China is losing competitiveness to lower-cost producing countries like Vietnam and Indonesia, which is pressurizing its manufacturing sector, says Stanley Szeto, Chairman & CEO of Lever Style.» Read More
The unexpected contraction in China's factory activity in May has heightened the risk of a further slowdown in the second quarter, after the economy grew at its slowest pace in three years over January to March, said economists.
Singapore's economy grew unexpectedly in the first quarter of the year but the manufacturing sector remains weak.
Ford said on Thursday it is closing its two Australian auto plants and will cease production in the country in 2016.
The problem for Korea had seemed obvious: the won has climbed by a third against the Japanese currency, in theory allowing Japanese companies to undercut Korean competitors and carry home more yen.
Ford, General Motors and Fiat announced they will cut back on summer shutdowns at factories as they set production goals higher, with the "Fast Money" traders.
China's factory activity shrank for the first time in seven months in May as new orders fell, a preliminary survey of purchasing managers showed, adding to concerns that a recovery in the world's second-largest economy is sputtering.
Millions of Americans have walked away from GM, Ford and Chrysler because of quality, reliability and service problems. But times are changing in Detroit.
After 123 days being grounded and then repaired to ensure its battery systems do not catch fire, Boeing 787 Dreamliners are about to once again make commercial flight in the United States.
The former Vice Chair of GM, who holds a leadership role with VL Automotive, is teaming up with Wanxiang Group, a Chinese auto parts supplier, in a bid to buy the ailing Fisker.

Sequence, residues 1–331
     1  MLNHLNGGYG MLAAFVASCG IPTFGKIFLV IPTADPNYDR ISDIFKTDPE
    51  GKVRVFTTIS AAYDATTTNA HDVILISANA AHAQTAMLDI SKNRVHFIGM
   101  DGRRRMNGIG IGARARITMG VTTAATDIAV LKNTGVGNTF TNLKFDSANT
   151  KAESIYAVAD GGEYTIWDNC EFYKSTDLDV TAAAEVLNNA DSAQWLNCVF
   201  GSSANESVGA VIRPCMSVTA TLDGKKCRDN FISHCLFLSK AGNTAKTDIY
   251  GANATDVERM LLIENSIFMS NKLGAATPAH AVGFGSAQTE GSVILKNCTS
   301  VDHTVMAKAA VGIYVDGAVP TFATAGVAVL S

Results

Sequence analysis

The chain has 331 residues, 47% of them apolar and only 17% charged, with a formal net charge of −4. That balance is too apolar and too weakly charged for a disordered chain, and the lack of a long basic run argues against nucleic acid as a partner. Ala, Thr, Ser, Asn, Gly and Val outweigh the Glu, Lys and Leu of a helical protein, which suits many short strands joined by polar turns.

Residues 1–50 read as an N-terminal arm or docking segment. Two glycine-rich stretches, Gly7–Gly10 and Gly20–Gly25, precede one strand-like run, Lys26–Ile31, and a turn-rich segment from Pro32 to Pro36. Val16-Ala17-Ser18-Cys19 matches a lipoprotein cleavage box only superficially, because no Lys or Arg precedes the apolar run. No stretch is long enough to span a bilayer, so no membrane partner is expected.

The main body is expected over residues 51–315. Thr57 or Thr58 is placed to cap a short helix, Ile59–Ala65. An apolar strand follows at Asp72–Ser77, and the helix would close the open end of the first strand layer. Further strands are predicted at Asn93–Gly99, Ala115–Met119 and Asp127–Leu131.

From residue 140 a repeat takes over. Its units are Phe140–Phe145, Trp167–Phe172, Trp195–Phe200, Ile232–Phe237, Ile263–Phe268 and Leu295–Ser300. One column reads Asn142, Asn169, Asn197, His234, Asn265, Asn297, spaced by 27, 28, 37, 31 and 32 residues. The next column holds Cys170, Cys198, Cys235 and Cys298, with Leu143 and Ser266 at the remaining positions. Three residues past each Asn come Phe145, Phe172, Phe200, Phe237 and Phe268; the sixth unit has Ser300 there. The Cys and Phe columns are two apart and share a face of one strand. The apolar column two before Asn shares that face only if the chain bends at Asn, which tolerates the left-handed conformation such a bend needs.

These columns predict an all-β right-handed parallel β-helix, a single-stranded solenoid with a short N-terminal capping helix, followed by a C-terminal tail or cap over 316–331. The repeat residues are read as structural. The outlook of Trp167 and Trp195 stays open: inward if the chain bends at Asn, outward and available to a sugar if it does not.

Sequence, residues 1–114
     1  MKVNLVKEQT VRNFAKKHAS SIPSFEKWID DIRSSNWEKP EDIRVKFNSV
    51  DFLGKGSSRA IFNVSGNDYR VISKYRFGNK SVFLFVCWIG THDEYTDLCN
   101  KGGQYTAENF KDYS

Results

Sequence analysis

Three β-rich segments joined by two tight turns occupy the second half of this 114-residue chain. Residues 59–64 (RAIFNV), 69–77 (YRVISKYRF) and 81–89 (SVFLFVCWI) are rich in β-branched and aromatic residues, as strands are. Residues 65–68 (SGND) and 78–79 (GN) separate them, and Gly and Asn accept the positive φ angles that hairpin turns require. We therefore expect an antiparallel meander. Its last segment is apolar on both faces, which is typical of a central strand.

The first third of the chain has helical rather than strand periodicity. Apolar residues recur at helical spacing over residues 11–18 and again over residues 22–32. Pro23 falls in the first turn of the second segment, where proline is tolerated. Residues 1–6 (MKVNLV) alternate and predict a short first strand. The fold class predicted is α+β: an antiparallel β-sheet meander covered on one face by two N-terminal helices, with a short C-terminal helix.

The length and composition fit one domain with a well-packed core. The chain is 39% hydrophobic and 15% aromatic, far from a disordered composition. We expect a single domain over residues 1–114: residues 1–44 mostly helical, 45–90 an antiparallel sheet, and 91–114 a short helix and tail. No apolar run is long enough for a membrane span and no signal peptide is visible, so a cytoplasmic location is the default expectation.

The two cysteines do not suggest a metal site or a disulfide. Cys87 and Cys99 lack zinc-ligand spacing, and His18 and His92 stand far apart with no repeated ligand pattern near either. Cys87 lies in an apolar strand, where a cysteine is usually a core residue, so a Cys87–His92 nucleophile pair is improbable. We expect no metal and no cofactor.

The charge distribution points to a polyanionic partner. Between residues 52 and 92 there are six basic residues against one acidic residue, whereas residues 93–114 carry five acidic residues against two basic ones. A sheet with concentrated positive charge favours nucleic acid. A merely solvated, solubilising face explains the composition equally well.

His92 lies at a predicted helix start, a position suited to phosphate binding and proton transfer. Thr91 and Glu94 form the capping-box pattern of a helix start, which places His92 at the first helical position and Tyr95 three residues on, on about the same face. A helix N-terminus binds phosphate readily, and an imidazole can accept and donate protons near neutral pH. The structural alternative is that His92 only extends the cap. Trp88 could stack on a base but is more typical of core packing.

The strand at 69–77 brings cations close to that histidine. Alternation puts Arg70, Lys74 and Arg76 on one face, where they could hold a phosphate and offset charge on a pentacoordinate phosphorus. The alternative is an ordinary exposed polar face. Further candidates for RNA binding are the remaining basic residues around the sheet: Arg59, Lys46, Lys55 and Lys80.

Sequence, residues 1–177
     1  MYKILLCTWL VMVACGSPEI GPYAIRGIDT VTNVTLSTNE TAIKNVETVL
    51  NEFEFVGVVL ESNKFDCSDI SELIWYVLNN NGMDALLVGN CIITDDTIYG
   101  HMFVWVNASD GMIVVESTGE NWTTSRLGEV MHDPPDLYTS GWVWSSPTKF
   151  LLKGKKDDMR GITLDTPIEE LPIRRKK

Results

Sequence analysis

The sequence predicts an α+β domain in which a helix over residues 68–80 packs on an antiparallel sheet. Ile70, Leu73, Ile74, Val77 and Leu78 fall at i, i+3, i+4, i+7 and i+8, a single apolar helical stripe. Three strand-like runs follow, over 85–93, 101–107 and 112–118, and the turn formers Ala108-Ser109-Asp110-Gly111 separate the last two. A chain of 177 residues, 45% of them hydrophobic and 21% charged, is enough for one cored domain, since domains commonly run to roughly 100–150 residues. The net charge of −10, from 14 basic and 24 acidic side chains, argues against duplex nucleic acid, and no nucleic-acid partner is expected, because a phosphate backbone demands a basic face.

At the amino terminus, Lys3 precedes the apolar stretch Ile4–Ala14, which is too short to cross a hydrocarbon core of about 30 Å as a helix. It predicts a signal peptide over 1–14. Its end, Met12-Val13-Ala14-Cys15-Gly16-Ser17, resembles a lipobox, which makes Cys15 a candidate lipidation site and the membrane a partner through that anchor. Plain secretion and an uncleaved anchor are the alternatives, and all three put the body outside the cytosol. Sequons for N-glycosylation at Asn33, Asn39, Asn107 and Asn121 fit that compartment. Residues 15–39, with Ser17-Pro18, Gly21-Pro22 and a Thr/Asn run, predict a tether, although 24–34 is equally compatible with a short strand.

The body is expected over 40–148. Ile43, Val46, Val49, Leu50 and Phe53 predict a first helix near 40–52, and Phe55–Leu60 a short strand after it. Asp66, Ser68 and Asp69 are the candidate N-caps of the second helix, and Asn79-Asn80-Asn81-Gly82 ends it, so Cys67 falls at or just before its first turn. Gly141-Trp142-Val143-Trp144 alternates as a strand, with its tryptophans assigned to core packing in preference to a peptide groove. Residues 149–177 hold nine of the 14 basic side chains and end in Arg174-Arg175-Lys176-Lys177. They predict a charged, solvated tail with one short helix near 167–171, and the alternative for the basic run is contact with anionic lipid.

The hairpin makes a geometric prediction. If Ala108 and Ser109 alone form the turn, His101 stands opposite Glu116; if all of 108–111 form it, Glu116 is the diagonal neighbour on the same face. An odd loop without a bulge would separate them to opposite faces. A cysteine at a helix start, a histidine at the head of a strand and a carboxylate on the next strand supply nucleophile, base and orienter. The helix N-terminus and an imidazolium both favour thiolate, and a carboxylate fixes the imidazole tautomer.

Exports rose less than expected in April from a year earlier due to weak demand, underscoring the limitations of a weak yen in bolstering the trade sector.
The low-cost advantage that China once enjoyed (at least in the East Coast cities called the Gold Coast) is starting to fade.
Dell reported earnings that fell far shy of market forecasts but revenue came in better than expected. Shares were little changed after-hours.
CNBC's Michelle Caruso-Cabrera reports on a Chinese company that plans to manufacture products in the United States and then sell them to Chinese consumers. And, Thilo Hanemann, Rhodium Group, discusses how the Chinese are making more direct investments in the U.S.
Michael Spence, 2001 Nobel Laureate in Economics, explains the complexity of the economic relationship between the United States and China.
A Bangladesh factory where Wal-Mart Stores and Inditex inspectors spotted cracks in the wall this month is still making Wrangler shirts for the world's largest apparel maker, U.S.-based VF Corp.
New car registrations increased by 1.8 percent to 1.08 million vehicles last month, marking the first rise since September 2011.
Foxconn has made substantial progress toward improving safety at its three Chinese plants, but it has not yet reduced the average workweek to the maximum allowed by Chinese law. The New York Times reports.
Overtaking Apple as the world's leading maker of smartphones has stretched Samsung's in-house supply lines, and the South Korean firm is now courting some of its rival's main parts suppliers.
Japanese core machinery orders jumped a bigger-than-expected 14.2 percent in March in a sign a weaker yen are making companies more confident about investing in equipment.
As American defense companies prepare to feel the ill effects of the sequester on their bottom lines, the companies are increasingly looking to court new customers abroad.